2 research outputs found

    The Conflict and Concord in Self-Representation of Frederick Douglass and Sojourner Truth.

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    Frederick Douglass and Sojourner Truth as writers and speakers would consistently obfuscated permissible discourse, subverting the expectations as imposed on African Americans during nineteenth-century America. By obfuscating prevailing stereotypes, they perpetuated a new Black man- and womanhood in their portraiture, challenging pseudoscientific claims of what African Americans ought to appear like. They inverted the prevailing racial caricatures by manipulating recognized signifiers of race, class and gender in their rhetoric as they visualized, narrated and created public self-representations that became symbolic to reforming American mentality. By employing their physiognomies and rhetoric tropes, Douglass and Truth were simultaneously in conflict and concord with one another for even though they shared ideologies, advocated for same issues, their styles were widely separate from one another. Douglass was apt in emphasizing his vast knowledge of politics and history as he relied in eloquence to appease the audiences into a false sense of security before unleashing sanguinary doctrines. Truth as an illiterate woman was confident in spontaneous delivery which in its brevity and evangelical message seemingly less threatening of white supremacist and paternalist status quo. Together they created alternative iconography advocating for a change in mentality away from the kneeling image of a slave, asking to be recognized as a man/woman and brother/sister, imagining an equal creative and physical existence

    Gifted, black and under scrutiny: radicalism of Black women writers and their counter literary struggle with the FBI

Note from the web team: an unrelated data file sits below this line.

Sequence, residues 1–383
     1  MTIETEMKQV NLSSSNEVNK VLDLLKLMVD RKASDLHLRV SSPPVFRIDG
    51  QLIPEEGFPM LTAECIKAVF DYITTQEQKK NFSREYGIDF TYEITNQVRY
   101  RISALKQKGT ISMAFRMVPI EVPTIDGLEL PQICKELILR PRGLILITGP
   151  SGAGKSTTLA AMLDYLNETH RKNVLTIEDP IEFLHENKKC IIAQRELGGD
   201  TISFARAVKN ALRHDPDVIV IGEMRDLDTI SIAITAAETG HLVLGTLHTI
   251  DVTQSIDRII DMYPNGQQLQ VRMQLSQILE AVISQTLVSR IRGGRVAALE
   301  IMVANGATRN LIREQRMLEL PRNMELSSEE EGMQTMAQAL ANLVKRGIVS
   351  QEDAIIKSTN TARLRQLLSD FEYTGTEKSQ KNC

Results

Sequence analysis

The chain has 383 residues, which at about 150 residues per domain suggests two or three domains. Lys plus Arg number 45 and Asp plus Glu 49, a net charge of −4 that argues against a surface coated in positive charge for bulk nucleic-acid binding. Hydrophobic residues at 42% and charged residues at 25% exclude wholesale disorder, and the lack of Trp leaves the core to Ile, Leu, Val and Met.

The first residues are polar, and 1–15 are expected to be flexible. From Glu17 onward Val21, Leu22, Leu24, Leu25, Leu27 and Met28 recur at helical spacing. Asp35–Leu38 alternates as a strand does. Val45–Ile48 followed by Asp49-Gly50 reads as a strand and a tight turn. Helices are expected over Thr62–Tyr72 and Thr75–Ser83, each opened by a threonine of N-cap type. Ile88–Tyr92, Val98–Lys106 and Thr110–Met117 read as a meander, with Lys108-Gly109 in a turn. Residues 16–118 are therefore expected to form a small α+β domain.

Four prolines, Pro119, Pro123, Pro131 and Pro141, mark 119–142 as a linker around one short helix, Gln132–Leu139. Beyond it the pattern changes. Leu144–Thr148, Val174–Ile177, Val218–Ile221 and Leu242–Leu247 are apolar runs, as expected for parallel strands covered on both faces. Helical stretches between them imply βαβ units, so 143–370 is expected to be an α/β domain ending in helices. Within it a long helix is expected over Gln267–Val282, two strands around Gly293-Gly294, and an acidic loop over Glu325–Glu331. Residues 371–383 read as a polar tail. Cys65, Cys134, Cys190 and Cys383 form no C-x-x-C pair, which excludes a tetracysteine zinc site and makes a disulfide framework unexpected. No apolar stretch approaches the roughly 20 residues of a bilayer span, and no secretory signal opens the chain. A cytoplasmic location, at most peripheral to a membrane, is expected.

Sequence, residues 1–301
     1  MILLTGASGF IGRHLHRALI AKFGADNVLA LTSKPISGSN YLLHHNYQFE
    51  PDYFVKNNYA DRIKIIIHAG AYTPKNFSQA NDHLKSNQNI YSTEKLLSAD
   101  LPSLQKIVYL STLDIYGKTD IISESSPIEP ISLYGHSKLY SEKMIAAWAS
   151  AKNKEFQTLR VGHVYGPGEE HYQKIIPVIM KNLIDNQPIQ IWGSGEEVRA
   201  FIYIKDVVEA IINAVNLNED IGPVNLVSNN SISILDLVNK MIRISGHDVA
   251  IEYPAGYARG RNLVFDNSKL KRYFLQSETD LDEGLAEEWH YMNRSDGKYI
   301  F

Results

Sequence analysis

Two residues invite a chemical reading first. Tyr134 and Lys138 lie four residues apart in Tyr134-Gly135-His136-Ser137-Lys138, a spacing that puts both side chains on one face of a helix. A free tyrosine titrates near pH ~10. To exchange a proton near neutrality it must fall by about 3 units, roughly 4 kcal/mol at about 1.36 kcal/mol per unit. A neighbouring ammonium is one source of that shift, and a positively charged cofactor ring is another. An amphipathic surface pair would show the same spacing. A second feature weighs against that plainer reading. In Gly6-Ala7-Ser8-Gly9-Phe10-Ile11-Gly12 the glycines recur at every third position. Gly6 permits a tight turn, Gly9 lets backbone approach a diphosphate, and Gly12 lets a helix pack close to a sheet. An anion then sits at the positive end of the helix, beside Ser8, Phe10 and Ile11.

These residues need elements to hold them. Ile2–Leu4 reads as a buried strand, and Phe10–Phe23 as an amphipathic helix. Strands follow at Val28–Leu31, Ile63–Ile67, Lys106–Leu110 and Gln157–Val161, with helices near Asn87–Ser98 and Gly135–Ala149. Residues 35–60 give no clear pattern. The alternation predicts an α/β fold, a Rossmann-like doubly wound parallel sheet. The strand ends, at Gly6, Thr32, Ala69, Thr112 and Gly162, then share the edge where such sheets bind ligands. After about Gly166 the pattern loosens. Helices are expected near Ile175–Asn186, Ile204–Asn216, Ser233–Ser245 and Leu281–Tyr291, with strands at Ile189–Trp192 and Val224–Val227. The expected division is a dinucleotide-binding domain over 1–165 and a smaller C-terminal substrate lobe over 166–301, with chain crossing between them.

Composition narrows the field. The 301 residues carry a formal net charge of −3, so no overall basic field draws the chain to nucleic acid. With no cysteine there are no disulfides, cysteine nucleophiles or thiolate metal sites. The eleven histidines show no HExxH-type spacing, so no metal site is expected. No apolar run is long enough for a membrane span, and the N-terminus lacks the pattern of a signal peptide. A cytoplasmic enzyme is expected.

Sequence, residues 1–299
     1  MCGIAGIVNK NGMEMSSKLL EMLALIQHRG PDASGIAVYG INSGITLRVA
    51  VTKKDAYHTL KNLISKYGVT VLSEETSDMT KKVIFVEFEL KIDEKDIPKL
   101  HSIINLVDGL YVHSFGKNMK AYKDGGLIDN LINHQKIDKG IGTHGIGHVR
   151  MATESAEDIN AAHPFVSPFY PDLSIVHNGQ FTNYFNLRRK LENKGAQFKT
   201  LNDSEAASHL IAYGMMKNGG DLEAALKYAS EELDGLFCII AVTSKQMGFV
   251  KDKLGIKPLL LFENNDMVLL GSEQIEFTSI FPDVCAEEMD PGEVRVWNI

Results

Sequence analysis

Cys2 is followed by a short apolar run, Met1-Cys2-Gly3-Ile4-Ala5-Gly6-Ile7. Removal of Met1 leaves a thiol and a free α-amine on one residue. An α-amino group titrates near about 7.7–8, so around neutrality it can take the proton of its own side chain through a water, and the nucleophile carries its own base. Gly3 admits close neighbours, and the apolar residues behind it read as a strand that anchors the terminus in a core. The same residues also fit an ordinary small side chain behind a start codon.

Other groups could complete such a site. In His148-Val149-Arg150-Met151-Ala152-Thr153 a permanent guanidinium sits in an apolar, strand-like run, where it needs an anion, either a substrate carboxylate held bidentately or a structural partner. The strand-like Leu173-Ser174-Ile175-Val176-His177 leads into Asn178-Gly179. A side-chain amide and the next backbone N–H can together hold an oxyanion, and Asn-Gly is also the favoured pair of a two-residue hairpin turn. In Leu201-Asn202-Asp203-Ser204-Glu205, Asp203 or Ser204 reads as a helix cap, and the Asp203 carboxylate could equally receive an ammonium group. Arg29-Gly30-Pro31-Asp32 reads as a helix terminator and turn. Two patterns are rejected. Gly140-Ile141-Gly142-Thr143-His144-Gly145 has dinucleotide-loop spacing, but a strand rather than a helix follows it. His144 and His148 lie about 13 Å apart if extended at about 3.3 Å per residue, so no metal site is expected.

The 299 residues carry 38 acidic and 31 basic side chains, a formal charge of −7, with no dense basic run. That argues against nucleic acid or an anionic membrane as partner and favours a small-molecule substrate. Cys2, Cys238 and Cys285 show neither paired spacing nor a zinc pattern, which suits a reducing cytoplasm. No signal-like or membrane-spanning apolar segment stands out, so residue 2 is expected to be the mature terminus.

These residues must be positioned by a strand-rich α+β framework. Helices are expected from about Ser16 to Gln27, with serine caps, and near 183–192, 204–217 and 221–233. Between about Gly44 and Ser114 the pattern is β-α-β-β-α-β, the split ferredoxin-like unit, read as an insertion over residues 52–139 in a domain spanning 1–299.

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    According to the civil rights historian Kenneth O’Reilly, “there is no doubt that Hoover was a racist, an anticommunist of the highest order, and a determined foe of the civil rights movement […]” (17). What J. Edgar Hoover’s personal racist and anti-Communist opinions led to was to create one of the most powerful law enforcement agencies in history, the duties of which went far beyond investigating criminals and keeping the United States safe from foreign agitation. Hoover had a special penchant for literary agitation; especially the kind that he feared could incite rebellion within the nation against the white heteropatriarchal supremacism that he was decided upon upholding. Beyond monitoring and summarizing literatures that Hoover and his Federal Bureau of Investigation (FBI) agents deemed potentially subversive, Hoover began specifically investigating authors and their affiliations. Literature, as all media, had the power to educate and change minds, to incite and inform, to disrupt and disturb. Therefore, Hoover’s FBI developed its own counterliterary tactics to investigate, interfere with, intimidate the writers, and infiltrate the lives and career, organisations, and appearances of these authors. This counterliterary obsession together with Hoover’s other proclivity – his racism – led to him disproportionately directing his agents to investigate African American authors, their works and their respective affiliations and organisations. From 1940s onward there was a sudden uptick on especially the FBI files opened on Black women writers, as the Black woman of the twentieth century was, as Anne Spencer called it, “so involved and interesting. We are the PROBLEM – the great national game of taboo.” The focus will be on specific events and literatures where there was an increase in literary and, thus, counterliterary relationship between some of the most empowered Black women writers of the twentieth century and the intimidation, infiltration, and intensity of scrutiny by the FBI under the directorship of J. Edgar Hoover. At the core of this research is to contribute to a gap in academic research that includes the empowered counterliterary and revolutionary activism of Black women writers. The fact that the FBI had a deep interest in literature and journalism is no secret. Over the past half-century, a lot has been published in terms of literary criticism and research of and by the FBI. There is a growing need for research and criticism on the counterliterary relationship between Black writers and the FBI as it was under Hoover’s directorship. This thesis aims is to begin an interdisciplinary and intersectional discussion that will become essential component when discussing Black American literary activism
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